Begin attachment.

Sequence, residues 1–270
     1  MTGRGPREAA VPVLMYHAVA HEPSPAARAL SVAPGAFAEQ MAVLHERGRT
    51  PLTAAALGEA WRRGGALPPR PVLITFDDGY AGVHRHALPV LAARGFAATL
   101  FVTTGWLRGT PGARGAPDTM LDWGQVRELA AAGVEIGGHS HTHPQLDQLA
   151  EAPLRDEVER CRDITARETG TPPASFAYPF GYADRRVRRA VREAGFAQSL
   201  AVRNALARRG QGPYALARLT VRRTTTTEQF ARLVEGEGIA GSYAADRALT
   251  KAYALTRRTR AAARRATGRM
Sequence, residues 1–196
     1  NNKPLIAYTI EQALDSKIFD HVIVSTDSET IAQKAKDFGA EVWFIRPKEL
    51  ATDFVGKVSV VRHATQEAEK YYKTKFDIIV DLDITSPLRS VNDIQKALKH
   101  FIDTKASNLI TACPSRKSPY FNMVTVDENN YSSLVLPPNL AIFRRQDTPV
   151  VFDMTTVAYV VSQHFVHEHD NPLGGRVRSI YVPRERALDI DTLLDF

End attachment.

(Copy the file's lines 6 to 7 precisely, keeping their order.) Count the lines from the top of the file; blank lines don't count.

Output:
   201  AVRNALARRG QGPYALARLT VRRTTTTEQF ARLVEGEGIA GSYAADRALT
   251  KAYALTRRTR AAARRATGRM